|"I have kept this photo in my wallet to keep my hatred sharp."|
Once we arrived at the Glenn Dyer detention facility, connected by a skyway to the courthouse, we blocked Clay St. at 7th to chant and make noise for the prisoners awaiting trial in the jail. People on the inside were heard yelling back. A few people read parts of the communique that was being distributed along the march. Statements were made about the hunger strike at Pelican Bay. As we left the jail chanting "we'll be back", a large mortar-type firework exploded a few blocks away. Coincidence, of course.
The crowd moved back to Broadway much the way we came, in and out of the street. Tensions with the police waxed and waned along the march, but no arrests were made and the crowd did a fair job of staying solid.
Once back on Broadway, people were told over a megaphone to "stick around". The reason behind this became clear as, ten minutes later, a handful of people appeared down 13th St. pushing a sound system towards the crowd. The sound system, always unpopular with the police, bolstered the mood of the crowd.
As the sound system began playing (Mac Dre, Don't Snitch), the police tightened ranks around the sound system and the thirty or so people who remained. Options got a bit scarce when people realized that they weren't being allowed to leave the kettle. After three songs and multiple "illegal assembly" warnings from the OPD, folks decided it was time to go. The police let people go a few at a time, hoping that we would disperse, and, unexpectedly, let the sound system go too.
Without the constant social upheaval present in places like Greece or Chile, social antagonists living in the United States have much to learn about how to roll in the streets. So, after the arrests made at Anticut 2, which were more or less the result of loose formation, a flier was distributed at Anticut 3 with some basic tips about how to hold oneself in the streets.
One implicit goal of the Anticut actions seems to be expanding our capacity as social antagonists. Some, still enamored with "mass movement" politics, see capacity correlated to the number of people on the streets. This is only part of the truth. Our capacity as a group is the result of our capacity as individuals. A strong handful people in the streets might have a capacity equivalent to a large mob, albeit on different terms. By participating in events such as Anticuts, we are able to develop both our capacities as individuals and as a group. By participating, we are able to practice confidence and confrontation with the police, becoming increasingly able to stand our ground, take risks, and have each other's backs.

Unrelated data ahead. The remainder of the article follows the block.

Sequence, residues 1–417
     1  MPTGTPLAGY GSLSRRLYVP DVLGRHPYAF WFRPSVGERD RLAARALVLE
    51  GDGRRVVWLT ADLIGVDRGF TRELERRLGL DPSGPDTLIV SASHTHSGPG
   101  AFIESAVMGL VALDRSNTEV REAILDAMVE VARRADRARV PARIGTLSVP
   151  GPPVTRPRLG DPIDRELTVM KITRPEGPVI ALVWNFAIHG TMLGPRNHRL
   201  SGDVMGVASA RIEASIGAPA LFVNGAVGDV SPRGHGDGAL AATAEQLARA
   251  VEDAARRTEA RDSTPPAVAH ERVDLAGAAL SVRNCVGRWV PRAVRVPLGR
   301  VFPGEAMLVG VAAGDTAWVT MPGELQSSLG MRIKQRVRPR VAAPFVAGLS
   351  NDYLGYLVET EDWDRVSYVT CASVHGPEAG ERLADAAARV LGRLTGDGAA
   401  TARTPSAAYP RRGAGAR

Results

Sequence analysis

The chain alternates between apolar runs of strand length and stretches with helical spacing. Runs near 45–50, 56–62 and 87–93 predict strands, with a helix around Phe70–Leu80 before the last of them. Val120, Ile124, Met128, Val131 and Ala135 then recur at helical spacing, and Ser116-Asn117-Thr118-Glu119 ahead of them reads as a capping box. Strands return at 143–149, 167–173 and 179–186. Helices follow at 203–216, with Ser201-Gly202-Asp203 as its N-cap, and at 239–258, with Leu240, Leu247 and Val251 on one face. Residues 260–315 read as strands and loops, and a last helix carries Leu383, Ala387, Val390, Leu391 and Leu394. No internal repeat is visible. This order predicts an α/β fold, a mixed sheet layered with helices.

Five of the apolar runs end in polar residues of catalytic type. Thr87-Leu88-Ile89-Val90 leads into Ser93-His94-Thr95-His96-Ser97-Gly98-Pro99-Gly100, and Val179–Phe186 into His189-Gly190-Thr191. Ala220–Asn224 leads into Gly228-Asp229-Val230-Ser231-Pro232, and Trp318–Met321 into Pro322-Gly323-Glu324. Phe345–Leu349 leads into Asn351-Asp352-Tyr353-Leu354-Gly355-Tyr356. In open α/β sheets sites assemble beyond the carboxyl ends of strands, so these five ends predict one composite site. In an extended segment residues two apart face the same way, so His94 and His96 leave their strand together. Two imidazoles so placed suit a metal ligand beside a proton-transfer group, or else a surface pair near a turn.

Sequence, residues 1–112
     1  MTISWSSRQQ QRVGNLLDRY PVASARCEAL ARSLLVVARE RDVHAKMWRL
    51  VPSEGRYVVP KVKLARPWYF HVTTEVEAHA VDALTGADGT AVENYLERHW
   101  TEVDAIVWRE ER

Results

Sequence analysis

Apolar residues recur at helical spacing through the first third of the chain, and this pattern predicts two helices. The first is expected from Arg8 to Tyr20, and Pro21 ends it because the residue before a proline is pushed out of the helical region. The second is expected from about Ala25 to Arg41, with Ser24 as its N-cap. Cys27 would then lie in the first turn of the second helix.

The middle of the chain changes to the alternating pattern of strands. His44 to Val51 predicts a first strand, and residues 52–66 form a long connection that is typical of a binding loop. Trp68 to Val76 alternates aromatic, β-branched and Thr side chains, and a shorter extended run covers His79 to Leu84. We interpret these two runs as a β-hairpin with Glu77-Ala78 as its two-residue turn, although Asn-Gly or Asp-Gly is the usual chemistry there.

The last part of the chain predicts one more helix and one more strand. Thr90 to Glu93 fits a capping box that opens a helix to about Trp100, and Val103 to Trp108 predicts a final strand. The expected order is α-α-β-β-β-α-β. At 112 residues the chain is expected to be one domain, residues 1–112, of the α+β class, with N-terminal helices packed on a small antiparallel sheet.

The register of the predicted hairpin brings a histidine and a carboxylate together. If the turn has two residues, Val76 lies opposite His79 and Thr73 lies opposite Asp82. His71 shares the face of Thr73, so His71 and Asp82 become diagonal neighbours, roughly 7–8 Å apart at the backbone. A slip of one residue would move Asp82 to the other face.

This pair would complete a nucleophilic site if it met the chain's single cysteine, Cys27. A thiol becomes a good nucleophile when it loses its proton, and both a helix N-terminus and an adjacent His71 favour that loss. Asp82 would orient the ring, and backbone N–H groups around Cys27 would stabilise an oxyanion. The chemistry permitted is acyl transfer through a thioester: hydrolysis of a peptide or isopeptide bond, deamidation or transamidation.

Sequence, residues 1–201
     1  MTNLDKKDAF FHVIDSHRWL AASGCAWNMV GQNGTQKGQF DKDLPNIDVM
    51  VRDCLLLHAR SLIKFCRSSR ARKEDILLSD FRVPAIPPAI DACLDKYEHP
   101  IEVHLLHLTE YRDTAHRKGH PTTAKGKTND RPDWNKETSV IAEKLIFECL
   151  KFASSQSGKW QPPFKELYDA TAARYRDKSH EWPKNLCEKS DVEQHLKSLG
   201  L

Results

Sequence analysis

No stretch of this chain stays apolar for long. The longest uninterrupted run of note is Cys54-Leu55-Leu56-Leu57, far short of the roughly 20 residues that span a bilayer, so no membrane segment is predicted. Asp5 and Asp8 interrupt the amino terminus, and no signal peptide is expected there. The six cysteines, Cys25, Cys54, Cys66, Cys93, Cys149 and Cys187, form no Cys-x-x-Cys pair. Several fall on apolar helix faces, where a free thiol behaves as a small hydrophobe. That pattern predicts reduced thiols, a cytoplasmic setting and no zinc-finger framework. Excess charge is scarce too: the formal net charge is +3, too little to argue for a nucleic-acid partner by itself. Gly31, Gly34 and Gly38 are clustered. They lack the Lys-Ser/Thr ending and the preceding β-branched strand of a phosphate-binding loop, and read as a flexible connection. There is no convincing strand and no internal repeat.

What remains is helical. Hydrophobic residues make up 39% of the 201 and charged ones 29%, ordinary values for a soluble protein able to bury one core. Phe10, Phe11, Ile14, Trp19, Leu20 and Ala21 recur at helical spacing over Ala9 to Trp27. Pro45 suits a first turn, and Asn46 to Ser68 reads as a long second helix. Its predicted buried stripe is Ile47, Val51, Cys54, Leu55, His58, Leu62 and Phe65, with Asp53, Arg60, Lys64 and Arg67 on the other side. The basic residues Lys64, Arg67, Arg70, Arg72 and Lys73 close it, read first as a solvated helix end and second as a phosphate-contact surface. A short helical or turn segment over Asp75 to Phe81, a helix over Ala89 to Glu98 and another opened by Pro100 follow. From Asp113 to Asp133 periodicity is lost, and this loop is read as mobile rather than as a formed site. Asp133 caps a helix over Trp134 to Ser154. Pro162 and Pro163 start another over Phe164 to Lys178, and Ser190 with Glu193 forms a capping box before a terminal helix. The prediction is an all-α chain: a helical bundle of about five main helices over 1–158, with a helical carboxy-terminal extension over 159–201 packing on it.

As the anticut crew learns and develops their tactical abilities, so do the police. After the arrests at Anticut 2, the police seemed content to manage the march and stay on the sidelines as a threat. Their presence was heavy, but it seemed obvious they had been instructed not to arrest anyone. The police are seeking to neutralize the Anticut actions, allowing them as long as they are purely spectacular. The pitfall of this, as everyone in the Anticut crew probably already knows, is resistance that becomes a ritual. Keeping actions creative and fresh is one way to avoid recuperative tendencies. But it isn't enough to avoid recuperation, we have to also take space for ourselves and precipitate nascent conflicts. As we act in the absence of a social movement, we are not wedded to any form particularly, except the ones that suit us. A revolt against austerity is a revolt that can, even if it hasn't yet, become more generalized (that's sort of the point, isn't it?).
So, as we develop our capacity, how do we direct it? Two modest proposals: good conversation among friends and conflict with our enemies.